Cold Hard Wonk

No sentiment but politics

Tables Unturning

Posted by JJ in Federal Elections, Strategic Planning, A House Divided (Tuesday December 20, 2005 at 2:52 pm)

The weapons of the enemy are always a promising avenue of attack. Master them, and you’re on your way to mastering the enemy itself. It worked for the Romans and the English, but can it work for Canadian Conservative leader Steven Harper?

Long accustomed to enduring attacks painting him as a danger to Canada, Harper has spent the first few weeks of this campaign focussing on policy in a clear attempt to preemptively define himself.

Now, he’s gone on the attack with a strategy torn from the pages of his opponents (more on which later).

The Conservative leader has alleged that the federal Liberals’ poor performance in Quebec is just what Liberals want. Given that the Liberals are the only national party presenting a real challenge to the separatist Bloc Quebecois in that province, Canadians will naturally turn to the Liberals when national unity is threatened. Therefore, goes his thinking, by letting the BQ surge, the Liberals secure the support of fearful federalists across the country, boosting their performance elsewhere.

If true, Mr. Harper’s allegations merely brand the Liberal Party of Canada as the stupidest strategists in history — a questionable charge for a party which held power for three quarters of the last century, even given their recent weakness.

But let’s say, as we must to believe Mr. Harper’s claim, that the Liberals have the ability to win or lose something in the neighbourhood of twenty seats in Quebec — enough to make the difference between a Liberal and a separatist hold on that provinces 75 constituencies. How many seats would the threat of national disunity add, nationwide, to Liberal totals? Out West, probably none — concessions to Quebec aren’t as saleable as the Liberals might like. Out East, the Liberals have about as many seats as they’re likely to win. National unity wouldn’t likely pick up more than about 15 of the thirty seats they don’t already hold there (at a maximum).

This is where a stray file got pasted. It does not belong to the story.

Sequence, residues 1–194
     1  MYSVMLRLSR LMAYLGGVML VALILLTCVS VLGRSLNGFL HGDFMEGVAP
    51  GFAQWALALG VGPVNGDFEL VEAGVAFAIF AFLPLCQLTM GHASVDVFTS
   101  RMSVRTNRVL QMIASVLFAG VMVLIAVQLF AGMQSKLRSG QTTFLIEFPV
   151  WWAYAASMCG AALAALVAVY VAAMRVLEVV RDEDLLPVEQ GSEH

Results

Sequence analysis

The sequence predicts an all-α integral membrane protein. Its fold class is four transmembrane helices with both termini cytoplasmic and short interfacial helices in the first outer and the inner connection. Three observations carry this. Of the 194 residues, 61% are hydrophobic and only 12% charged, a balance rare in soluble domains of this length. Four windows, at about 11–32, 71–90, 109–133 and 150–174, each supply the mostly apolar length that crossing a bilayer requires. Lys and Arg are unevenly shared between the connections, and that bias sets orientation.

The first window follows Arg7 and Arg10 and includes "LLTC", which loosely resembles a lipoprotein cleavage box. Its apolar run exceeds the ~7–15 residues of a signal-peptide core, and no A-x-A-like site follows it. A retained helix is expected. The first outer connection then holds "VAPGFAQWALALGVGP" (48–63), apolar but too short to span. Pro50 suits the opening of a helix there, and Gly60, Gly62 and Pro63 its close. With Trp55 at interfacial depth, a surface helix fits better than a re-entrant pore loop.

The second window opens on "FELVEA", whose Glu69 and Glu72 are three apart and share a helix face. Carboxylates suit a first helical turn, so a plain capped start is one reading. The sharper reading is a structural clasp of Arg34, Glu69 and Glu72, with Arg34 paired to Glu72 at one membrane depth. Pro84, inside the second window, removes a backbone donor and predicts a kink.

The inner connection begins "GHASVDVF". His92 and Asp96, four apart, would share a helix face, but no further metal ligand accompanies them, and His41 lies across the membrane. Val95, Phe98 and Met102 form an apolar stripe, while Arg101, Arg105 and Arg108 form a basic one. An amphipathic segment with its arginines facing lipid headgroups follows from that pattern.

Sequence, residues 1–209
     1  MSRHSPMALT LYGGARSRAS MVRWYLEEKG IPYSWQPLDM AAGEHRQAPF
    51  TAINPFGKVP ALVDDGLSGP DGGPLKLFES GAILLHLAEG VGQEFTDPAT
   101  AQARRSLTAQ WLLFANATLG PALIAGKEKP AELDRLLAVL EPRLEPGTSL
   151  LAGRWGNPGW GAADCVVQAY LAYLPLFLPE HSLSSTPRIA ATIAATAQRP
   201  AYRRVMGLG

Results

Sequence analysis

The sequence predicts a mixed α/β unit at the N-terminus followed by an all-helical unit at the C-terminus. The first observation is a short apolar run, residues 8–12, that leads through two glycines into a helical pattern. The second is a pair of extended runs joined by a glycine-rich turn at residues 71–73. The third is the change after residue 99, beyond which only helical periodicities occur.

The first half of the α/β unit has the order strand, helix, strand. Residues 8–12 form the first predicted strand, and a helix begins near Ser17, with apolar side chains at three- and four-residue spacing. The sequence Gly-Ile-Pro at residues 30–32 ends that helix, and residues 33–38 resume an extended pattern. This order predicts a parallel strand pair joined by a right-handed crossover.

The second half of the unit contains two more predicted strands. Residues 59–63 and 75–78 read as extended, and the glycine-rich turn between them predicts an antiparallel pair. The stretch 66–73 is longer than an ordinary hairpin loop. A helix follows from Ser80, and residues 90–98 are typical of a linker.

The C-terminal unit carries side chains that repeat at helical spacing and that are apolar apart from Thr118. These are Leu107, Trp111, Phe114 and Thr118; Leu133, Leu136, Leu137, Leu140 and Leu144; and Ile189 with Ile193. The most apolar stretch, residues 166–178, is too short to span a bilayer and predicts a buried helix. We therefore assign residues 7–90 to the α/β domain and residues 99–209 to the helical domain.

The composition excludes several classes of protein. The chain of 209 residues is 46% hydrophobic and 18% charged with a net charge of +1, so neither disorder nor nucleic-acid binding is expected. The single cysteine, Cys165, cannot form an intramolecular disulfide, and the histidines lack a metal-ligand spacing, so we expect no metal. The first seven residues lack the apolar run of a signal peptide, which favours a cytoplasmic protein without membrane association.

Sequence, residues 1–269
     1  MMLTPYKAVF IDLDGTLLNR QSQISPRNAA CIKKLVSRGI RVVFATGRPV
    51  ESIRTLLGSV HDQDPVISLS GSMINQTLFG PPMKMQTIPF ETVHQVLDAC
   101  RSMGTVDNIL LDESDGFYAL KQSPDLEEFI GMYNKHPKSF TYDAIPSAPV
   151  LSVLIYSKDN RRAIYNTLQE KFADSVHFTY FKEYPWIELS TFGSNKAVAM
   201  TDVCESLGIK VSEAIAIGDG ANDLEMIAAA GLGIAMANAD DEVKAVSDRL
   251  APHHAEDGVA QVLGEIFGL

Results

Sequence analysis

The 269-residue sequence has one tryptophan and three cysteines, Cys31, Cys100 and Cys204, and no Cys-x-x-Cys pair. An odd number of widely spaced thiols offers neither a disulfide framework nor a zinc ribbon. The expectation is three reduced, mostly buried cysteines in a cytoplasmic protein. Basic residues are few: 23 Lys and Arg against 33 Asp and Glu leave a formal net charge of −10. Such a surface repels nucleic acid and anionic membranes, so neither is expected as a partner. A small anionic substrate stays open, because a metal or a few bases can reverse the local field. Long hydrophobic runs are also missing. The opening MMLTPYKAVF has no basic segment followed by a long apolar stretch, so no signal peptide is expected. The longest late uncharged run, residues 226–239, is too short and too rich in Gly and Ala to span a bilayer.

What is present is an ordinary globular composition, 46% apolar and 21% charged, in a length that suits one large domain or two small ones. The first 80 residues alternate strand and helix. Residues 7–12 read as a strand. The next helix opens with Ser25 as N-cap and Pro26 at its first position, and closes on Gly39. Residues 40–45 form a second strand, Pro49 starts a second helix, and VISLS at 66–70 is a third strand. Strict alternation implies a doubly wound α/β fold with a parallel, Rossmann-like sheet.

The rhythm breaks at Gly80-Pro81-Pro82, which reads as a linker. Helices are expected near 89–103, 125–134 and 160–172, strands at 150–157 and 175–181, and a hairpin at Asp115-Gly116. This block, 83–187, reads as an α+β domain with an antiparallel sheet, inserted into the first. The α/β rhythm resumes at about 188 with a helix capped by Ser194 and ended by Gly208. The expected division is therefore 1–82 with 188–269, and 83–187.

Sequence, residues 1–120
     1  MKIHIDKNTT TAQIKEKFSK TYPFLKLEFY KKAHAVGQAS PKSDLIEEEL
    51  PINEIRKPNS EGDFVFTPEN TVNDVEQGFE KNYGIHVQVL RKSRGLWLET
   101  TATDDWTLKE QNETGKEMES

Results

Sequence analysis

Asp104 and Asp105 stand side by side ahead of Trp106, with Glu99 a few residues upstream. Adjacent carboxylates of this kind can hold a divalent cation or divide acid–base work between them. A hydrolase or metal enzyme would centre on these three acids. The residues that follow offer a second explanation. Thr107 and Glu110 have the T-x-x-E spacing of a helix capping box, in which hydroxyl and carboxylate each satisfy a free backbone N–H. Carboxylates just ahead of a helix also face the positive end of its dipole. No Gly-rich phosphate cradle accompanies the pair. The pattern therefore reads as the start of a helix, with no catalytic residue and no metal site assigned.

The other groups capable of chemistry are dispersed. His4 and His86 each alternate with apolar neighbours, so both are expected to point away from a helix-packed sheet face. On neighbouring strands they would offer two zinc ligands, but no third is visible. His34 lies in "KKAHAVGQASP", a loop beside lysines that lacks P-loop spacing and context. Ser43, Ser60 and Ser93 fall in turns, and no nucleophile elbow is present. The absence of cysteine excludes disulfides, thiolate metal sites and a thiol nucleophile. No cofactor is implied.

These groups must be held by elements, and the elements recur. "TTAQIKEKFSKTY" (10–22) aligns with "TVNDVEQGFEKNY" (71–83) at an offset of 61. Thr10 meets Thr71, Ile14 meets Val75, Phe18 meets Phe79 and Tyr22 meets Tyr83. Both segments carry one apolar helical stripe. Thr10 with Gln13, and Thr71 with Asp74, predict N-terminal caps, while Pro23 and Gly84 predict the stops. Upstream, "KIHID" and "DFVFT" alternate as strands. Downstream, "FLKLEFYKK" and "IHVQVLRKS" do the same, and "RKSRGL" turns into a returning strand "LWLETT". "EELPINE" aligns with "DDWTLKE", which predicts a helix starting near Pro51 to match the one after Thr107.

By contrast, what would the situation be if they held the twenty seats in Quebec, rather than lying down? Twenty more seats in the House. In the last election, that would have brought them a majority. In this election, twenty seats could, once more, make that much of a difference. Unless the Liberals are able to gain twenty seats by stoking fears of separatism, it’s unlikely such a stratagem would be worth deploying — holding the seats is more worthwhile.

So even if it’s true that Liberals benefit from fears of separation, they probably benefit less from such fears than they would from a strong showing in Quebec. It’s highly unlikely, then, that the Liberals intentionally do badly in Quebec — it’s more worthwhile for them to do well there, as their historic performance in the province shows. Their present weakness is one of the major contributing factors in their inability to hold a majority.

And most Canadians probably have a certain understanding of this. The Liberals have had a powerbase in Quebec since the Conservatives fell apart there in the 1920s. That they would sacrifice that base in the face of weakness and uncertain performance elsewhere is too preposterous an idea to suggest. No one will believe it.

Full marks to Mr. Harper for trying to turn the tables on the Liberals; but he needs to try a claim that isn’t so transparently ridiculous. It lays his strategy bare, and bare strategies look ugly. He’s right to take the enemy’s weapons, but he needs to wield them with a bit more subtlety and skill.

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